My bones ached, watching her walk away. As Ciara tied up her hair, the sun caught the lightly freckled back of her neck and I could almost taste the salt. Tugging on her husband’s sleeve, the little boy in a Liverpool jersey piped-up, pleading with a cute-hoor’s precariousness rarely perpetrated by their class, to his father.
“Please Damo, please!”
“Only the winners get ice-cream Johnny. Thems’ the rules,” declared his dad.
Only remembering this bet due to Johnny’s boldness, the rest of the boys swarmed, grabbing his hand here, snatching at his shirt tail there, and a chant broke out.
“Damo! Damo! Damo!”
He was loving it.
Ciara caught up with them to shoo the boys away and reassert a girls’ victory. Her husband slung his arm across her shoulders. after she’d wrapped her arm around his waist, without a glance backwards. But I could feel her feeling my eyes.
“C’mon Bud” my brother in-law called after me, breaking the spell, “We’ve a reservation at eight.” His presumptuous usage of “Bud” usually made my teeth grind. But in that moment, it barely affected me. I checked my phone. Nothing. I pictured Heather’s arse elevated. She’d be on a Segway, zooming around Amsterdam’s cobbled streets to see the sights, as part of a company sponsored scavenger hunt, led by Luuk, Daan, or some other handsome counterpart from the Dutch office. Heather’d have taken a selfie, eating a stroopwafel by the canal, before Google mapping the walking directions to Anne Frank’s house.
Gazing at the two grey ticks beside my day-old WhatsApp message to Heather that simply said, “I love you,” the likelihood that I’d been muted almost sent me into a state of panic. But I was distracted by Ciara’s shriek. Damo was tickling her, and a playful chase ensued. When she halted him with whips of her jumper, her flushed face was fucking gorgeous.
In those aerial shots you see in their TV ads, the Centre Parcs forest seems to span forever. But it’s really not that big. Everything is contained within an artificial central village and I was sure I’d see Ciara again. I found myself double-taking other women with similar body types, around the pool, from afar, or from behind. Figuring her daughter to be say, twelve, and her son maybe ten, I encouraged my family to book everything from archery, to kayaking, to feckin’ falconry. Any activities where she and her kids might be. I even volunteered to attend cupcake decorating class with my sister and Christopher when Karl wanted a break. But after spending more than a minute pondering the list and contemplating whether Ciara was more likely to gravitate toward Bollywood Dance or a Boogie Bounce, I drew the line. It was a slow week. One which passed painfully, and with no sight of her.
Our last dinner was at the fancy place on the lake, Café Rouge. I was surprised to see Ciara there and gratified when she noticed me. With a pleasant nod she passed our table, as her family was shown to theirs. Damo remained engrossed in his phone, the glow of which illuminated his stubbled jowl.
Wearing flawless make-up, Ciara looked perhaps only a few years older than me. Her faded Guns and Roses t-shirt could have been from the nineties; but was probably just a cool mom’s pick-up from Penney’s. In fact, Damo washed up well enough too. Belly hidden in an expensive-looking shirt, he was breathing easy, his thinning hair sculpted not without some expertise.
Detecting the residual rugged handsomeness Ciara would have been attracted to, back when he was sliding in tries at Blackrock, I wondered if she still saw him like that. Or whether it took a bottle of wine. Being seated a few tables down allowed me an uninterrupted view of both Ciara and Damo’s faces. I ordered a salad. When what I really wanted was the steak.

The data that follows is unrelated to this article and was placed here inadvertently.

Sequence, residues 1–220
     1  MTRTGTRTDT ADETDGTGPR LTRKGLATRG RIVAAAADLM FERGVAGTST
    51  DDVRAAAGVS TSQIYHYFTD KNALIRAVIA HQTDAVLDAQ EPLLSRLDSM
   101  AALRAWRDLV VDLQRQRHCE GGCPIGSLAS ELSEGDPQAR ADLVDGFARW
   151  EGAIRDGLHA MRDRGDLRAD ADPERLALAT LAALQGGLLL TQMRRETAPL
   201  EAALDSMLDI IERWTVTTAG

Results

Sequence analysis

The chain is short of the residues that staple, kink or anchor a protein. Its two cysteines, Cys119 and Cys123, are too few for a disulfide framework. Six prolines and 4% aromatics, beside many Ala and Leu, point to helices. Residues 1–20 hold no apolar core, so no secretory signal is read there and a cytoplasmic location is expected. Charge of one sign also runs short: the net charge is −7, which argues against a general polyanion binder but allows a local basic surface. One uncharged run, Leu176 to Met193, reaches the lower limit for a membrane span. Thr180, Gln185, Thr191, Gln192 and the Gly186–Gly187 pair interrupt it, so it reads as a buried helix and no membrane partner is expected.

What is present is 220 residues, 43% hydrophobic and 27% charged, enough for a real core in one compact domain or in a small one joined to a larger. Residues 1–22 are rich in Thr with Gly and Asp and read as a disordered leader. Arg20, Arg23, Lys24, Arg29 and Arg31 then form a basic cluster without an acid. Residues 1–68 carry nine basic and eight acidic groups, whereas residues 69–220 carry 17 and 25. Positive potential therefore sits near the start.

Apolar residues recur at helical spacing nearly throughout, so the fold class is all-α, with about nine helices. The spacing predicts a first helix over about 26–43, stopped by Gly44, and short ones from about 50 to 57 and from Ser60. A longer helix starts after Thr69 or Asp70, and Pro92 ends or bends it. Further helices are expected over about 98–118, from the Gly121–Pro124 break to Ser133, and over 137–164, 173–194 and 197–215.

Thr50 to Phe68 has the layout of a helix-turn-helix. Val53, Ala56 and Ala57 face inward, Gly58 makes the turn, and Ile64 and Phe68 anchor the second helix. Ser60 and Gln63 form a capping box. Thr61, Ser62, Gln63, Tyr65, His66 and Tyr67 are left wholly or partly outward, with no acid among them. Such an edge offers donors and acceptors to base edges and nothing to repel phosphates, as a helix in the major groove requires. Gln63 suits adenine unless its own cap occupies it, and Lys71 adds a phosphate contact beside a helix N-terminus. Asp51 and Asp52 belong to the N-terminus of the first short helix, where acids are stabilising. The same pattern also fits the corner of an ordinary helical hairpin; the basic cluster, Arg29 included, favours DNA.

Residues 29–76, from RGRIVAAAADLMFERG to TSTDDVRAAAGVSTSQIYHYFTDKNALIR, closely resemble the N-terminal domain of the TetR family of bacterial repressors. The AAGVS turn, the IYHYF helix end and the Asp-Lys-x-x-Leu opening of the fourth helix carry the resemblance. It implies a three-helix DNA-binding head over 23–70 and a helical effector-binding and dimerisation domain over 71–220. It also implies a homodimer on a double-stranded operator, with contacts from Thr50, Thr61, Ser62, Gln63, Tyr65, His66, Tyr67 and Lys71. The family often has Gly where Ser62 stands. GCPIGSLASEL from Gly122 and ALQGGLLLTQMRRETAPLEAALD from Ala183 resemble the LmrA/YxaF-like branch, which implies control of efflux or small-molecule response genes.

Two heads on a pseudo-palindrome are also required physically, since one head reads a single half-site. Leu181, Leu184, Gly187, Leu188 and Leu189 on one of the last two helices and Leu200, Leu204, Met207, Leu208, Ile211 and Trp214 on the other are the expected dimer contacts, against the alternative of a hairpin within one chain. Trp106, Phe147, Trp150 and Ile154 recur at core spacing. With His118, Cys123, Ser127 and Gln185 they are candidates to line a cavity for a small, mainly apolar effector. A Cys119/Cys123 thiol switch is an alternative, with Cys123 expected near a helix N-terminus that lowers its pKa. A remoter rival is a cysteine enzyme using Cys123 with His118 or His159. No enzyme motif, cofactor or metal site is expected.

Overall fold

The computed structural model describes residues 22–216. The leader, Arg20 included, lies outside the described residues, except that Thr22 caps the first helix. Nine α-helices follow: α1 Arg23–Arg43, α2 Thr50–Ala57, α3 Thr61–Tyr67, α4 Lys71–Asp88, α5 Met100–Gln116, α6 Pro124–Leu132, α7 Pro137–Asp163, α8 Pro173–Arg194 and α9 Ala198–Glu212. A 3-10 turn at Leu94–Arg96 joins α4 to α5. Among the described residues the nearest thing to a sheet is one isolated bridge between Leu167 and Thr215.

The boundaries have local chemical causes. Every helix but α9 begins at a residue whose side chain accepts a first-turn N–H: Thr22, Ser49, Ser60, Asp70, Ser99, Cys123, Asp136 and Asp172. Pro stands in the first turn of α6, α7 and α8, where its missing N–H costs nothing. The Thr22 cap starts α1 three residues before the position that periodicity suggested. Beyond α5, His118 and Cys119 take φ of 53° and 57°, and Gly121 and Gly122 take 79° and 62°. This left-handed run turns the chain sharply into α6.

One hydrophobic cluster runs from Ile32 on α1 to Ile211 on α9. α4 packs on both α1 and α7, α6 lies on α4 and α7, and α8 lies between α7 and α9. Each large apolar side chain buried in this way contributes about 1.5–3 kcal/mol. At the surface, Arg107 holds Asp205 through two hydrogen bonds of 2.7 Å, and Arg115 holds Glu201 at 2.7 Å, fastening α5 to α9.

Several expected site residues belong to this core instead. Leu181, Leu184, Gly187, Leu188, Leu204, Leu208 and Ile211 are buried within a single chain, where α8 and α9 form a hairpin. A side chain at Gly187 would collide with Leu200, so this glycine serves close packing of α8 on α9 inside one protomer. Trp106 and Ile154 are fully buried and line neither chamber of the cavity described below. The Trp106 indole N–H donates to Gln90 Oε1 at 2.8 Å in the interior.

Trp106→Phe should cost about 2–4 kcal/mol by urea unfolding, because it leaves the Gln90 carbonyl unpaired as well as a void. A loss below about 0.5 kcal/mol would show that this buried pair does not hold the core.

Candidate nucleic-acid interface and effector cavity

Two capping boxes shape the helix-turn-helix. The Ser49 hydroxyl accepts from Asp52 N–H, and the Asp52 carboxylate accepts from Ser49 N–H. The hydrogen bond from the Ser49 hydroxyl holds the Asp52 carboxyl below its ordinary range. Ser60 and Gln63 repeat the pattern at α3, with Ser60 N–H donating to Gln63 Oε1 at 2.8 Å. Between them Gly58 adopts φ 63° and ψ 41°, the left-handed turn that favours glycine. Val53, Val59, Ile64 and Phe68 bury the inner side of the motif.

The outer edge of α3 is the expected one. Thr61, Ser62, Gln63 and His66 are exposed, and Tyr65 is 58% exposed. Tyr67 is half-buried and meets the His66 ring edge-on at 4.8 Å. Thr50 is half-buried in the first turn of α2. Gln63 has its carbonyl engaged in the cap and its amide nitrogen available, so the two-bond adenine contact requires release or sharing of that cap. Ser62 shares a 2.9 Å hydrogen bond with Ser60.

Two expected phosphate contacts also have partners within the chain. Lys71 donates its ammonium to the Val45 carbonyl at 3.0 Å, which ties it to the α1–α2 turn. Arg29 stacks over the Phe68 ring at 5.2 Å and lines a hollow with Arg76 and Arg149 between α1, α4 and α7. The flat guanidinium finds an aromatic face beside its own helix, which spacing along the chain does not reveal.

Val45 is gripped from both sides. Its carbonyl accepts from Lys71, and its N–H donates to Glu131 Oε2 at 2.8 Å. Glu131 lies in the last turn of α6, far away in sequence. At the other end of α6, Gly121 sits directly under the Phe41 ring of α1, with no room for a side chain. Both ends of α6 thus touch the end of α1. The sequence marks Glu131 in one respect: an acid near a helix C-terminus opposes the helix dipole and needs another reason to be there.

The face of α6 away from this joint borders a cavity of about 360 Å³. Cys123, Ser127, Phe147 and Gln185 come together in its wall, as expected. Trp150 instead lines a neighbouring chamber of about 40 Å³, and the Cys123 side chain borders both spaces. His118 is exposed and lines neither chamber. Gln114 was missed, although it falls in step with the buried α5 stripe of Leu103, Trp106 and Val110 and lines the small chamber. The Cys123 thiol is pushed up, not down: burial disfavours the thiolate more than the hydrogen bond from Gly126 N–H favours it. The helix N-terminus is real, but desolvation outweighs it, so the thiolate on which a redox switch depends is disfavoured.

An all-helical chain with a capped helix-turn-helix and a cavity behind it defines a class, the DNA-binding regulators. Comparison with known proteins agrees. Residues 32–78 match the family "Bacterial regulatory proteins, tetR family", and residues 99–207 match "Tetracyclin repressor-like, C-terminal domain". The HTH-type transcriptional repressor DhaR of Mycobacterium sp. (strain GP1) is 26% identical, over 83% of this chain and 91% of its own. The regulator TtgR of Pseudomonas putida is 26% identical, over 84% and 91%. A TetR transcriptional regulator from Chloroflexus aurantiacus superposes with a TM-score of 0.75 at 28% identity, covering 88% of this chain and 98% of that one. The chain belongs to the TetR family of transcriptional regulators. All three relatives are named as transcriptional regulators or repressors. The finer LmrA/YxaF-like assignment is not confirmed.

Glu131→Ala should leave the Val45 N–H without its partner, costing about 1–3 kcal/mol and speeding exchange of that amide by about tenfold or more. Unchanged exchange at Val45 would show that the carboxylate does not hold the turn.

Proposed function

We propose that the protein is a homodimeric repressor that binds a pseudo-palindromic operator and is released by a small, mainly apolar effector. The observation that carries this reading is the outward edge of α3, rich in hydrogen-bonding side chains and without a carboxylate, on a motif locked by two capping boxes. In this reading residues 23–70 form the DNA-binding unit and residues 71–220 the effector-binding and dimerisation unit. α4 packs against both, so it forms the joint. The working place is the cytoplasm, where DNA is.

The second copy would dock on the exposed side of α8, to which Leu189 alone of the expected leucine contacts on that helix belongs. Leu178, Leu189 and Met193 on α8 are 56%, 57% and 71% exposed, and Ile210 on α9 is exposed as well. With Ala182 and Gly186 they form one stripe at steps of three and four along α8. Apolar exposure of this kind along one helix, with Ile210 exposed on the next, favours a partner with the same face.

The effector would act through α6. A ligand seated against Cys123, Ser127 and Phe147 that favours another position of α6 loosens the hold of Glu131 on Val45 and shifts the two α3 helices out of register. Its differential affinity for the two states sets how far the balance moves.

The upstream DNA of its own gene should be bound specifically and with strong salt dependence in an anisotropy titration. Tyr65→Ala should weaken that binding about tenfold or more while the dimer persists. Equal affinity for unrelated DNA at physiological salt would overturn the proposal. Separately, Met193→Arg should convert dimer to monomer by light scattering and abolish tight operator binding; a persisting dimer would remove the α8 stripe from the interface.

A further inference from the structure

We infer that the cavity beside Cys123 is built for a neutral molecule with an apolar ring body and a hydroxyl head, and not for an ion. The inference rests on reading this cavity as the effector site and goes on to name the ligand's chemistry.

By dessert, he was scrolling endlessly on his phone again. It didn’t look like work. He wasn’t responding to critical emails. Damo didn’t type at all, and his eyebrows furrowed the way one might react to a series of surprising match scores. At one point, he even bit down on his tongue. Ciara contained her irritation by tilting her head to smile at passers-by, that and pushing that last profiterole around her plate.
When Damo excused himself to make a call, he left Ciara a parting kiss on the cheek. Through the back of his shirt, a thin line of sweat had bled, and as he lumbered out of the restaurant, I wondered if I’d be able to take him down in a headlock.
When Damo left, Ciara momentarily rummaged in her bag, then headed towards the back of the restaurant, clutching what appeared to be a pack of Marlboro Lights. After nicking my brother’s cigarette pack from the breast pocket of his coat, I followed her out of the dining room, and past the kitchen, to the smoking area.
At the glass door outside, she flashed me a smile, and blew smoke out of the side of her mouth. I asked for a light. It was a small world. We didn’t live that far apart back in Dublin. We’d gone to schools near enough to each other and would’ve drank in some of the same pubs. Both of us feigned recognition. “Oh, I thought you looked familiar,” and “Yeah, I do know so-and-so.” She went to her pack for another, but was all out. I’d one left that she offered to split.
She apologized for the duck-arsed fag. There was something intimate about the warmth of her saliva on my lips and it made my heart pound. After noticing my tattooed wrist, Ciara took hold of it, examining and running a finger along a blown-out line.
“I wish I’d gotten more, if I’m honest.” she said.
“It’s never too late.”
Ciara gave her mouth a blast of a minty breath freshener.
“Does he not know?” I asked her.
She raised a thin eyebrow, as if to say, “Are you fucking joking?” before scoffing, “He wouldn’t notice if I shaved my head.” Before parting to head back to our tables, we formally introduced ourselves. First name. Last name. Handshake.
The next evening, back in Dublin, I went to meet my wife at the airport. My WhatsApp messages went undelivered. Her phone had died. But when she finally appeared through the arrivals gate, she looked small and broken. I thought about the soccer match, our wedding photo, Christopher’s clear eyes and dribble-soaked chin. My heart squeezed closed like a fist and I knew we wouldn’t make it. Waving away like a fool from behind the barrier, I greeted Heather with a hug and took her bags. She didn’t have a Toblerone. Just a headache, and a cold sore.